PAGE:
Q’eschł Heritage Center

Up-and-Coming Project Celebrates Ninilchik Tribe’s Distinct Culture and History

Slated to open in 2025, the Q’eschił Heritage Center will be located on a parcel of land next to the Russian Orthodox Church in Ninilchik, Alaska.

More than a museum, the Q’eschił Heritage Center will encompass tangible heritage (arts and crafts, artifacts), intangible heritage (language, music, spiritual traditions) and natural heritage (plants and animals, the land and ecosystems). It’s a lofty endeavor, but one the Ninilchik Traditional Council (NTC) is eager to undertake.

“The model for our center is primarily to be a nation-led, curated and directed institution that celebrates our people using our own voice and conventions, which are not accurately conveyed through popular and academic regionalisms,” said CIRI Shareholder Argent Kvasnikoff (Dena’ina Athabascan and Alutiiq), who serves as the center’s planning director.

The literal translation of q’eschił (pronounced kes-cheel) is “cloud lodge.” Four focus areas for the center have been identified:

  • At the heart of the center will be a modern interpretation of a nichił—the semi-subterranean lodge from which the Ninilchik tribe derives its name—that will function as both a gathering space and sacred spiritual place.
  • An outdoor pavilion with amphitheater-style seating will accommodate cultural demonstrations.
  • Two exhibit areas will respectively house the center’s permanent collection and temporary exhibits.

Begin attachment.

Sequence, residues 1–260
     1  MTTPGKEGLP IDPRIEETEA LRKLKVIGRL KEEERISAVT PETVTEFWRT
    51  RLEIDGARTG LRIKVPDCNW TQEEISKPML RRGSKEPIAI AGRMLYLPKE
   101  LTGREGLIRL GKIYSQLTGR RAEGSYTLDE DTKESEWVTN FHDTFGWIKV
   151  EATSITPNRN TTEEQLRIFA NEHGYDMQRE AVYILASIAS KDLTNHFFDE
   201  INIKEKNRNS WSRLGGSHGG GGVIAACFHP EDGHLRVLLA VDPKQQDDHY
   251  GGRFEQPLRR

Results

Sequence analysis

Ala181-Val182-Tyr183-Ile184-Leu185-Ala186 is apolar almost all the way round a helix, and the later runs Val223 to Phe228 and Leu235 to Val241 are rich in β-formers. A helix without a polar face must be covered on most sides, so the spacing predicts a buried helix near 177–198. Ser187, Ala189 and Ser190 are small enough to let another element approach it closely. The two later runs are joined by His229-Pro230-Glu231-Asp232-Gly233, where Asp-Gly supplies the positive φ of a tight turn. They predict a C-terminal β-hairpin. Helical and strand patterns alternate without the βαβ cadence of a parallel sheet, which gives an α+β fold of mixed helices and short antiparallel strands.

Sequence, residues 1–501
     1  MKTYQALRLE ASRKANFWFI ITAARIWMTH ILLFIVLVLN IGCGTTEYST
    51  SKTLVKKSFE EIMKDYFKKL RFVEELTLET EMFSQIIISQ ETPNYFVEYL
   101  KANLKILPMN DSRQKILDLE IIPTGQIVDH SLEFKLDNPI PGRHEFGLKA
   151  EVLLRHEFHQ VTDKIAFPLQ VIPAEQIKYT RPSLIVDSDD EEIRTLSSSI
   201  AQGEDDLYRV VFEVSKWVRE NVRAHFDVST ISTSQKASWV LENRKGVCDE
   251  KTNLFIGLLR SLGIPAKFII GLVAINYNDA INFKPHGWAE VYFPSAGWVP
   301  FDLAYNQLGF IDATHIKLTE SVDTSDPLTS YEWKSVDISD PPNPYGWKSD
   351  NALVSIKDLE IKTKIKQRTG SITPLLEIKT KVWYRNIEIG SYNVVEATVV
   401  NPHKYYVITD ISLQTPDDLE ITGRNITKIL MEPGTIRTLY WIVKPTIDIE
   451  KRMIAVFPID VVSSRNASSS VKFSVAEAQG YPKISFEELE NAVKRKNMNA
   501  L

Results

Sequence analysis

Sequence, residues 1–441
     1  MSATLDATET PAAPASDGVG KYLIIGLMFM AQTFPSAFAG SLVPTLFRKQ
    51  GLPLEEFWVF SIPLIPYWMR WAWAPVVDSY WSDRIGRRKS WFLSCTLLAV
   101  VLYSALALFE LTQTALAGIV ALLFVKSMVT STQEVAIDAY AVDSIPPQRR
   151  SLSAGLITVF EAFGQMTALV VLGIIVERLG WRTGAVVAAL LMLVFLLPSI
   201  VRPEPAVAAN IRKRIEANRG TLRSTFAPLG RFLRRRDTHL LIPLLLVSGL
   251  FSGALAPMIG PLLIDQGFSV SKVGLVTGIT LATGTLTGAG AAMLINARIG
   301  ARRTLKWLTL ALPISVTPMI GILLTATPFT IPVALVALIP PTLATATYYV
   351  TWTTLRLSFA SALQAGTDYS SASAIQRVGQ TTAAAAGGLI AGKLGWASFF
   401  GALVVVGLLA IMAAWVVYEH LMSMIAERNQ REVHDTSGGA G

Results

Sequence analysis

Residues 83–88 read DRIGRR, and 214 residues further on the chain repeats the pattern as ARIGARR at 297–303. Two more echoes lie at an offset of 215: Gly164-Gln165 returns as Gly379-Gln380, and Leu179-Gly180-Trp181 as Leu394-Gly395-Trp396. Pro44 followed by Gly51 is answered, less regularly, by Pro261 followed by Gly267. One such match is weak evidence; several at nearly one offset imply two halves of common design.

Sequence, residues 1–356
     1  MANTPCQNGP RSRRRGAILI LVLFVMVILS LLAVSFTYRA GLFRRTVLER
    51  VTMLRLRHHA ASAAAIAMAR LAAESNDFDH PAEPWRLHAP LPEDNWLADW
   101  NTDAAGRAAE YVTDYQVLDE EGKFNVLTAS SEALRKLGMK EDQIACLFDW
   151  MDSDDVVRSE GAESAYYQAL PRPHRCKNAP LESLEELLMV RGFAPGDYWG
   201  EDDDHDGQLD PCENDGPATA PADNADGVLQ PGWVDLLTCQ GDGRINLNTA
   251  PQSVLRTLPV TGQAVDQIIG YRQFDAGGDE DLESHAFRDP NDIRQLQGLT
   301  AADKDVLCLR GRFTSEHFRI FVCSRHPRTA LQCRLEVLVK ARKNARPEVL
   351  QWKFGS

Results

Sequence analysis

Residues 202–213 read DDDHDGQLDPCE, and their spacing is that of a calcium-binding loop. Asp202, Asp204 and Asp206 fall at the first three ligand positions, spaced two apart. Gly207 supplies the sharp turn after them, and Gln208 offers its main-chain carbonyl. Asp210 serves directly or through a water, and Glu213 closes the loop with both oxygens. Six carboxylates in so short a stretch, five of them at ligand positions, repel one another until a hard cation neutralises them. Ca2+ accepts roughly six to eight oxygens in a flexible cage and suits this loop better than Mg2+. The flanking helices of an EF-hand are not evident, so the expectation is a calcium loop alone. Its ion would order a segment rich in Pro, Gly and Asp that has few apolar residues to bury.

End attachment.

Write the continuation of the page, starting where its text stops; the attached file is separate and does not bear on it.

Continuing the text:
• A lecture hall and classroom will provide space for conferences, classes and workshops.

“Traditionally, (the people of Ninilchik) have been Dena’ina Athabascan with some Aleut and Alutiiq and a significant Russian influence,” said CIRI Shareholder Ivan Encelewski (Dena’ina Athabascan), who serves as NTC’s executive director. “Because we’re so unique in our culture, and because there’s kind of a hodgepodge to it, we get an opportunity to help recreate it. We get an opportunity to tell our story, to have a place to encourage spirituality amongst our people, whatever that might be for them as individuals.”

“The center is exploring what it means to be and to have been a Niqnalchint person, which encompasses multiple cultures and races today,” Argent Kvasnikoff emphasized. “Tribal members, depending on their roots and families, call themselves different cultural terms. The idea is to show what unites us through our common geographical roots and using our earliest known name—Niqnalchint, or the traditional ethnonym ‘Nichiłt’ana.’”

Located 100 miles southwest of Anchorage, Ninilchik is one of seven Alaska Native Claims Settlement Act-designated villages in the CIRI region, though only about 15% of its residents are Alaska Native people. In 2019, the NTC moved to study the feasibility of a new museum for and about the people of the Ninilchik Village Tribe. What spurred this endeavor was the donation of a parcel of land located next to the Holy Transfiguration of Our Lord Russian Orthodox Church by CIRI Shareholder and NTC President Richard “Greg” Encelewski (Dena’ina Athabascan), on which the center will be built.

In late 2021, the NTC announced its request for qualifications for the architectural design and development of the campus of the Q’eschił Heritage Center, with responses due this spring. The center is currently slated to open in 2025.

“People talk about ‘Well, how many people lived here.’ And there’s a discussion about the barabaras, those shallow holes in the ground that had lodges built over them,” said Ninilchik tribal Elder and interpretive artist Marla Kvasnikoff. “And to see a cultural heritage center that is something above ground that our people can see, our young people can see, everybody else can see— it gives us a solidarity in our place in the world.”

For more information about the Q’eschił Heritage Center, visit qeschil.org.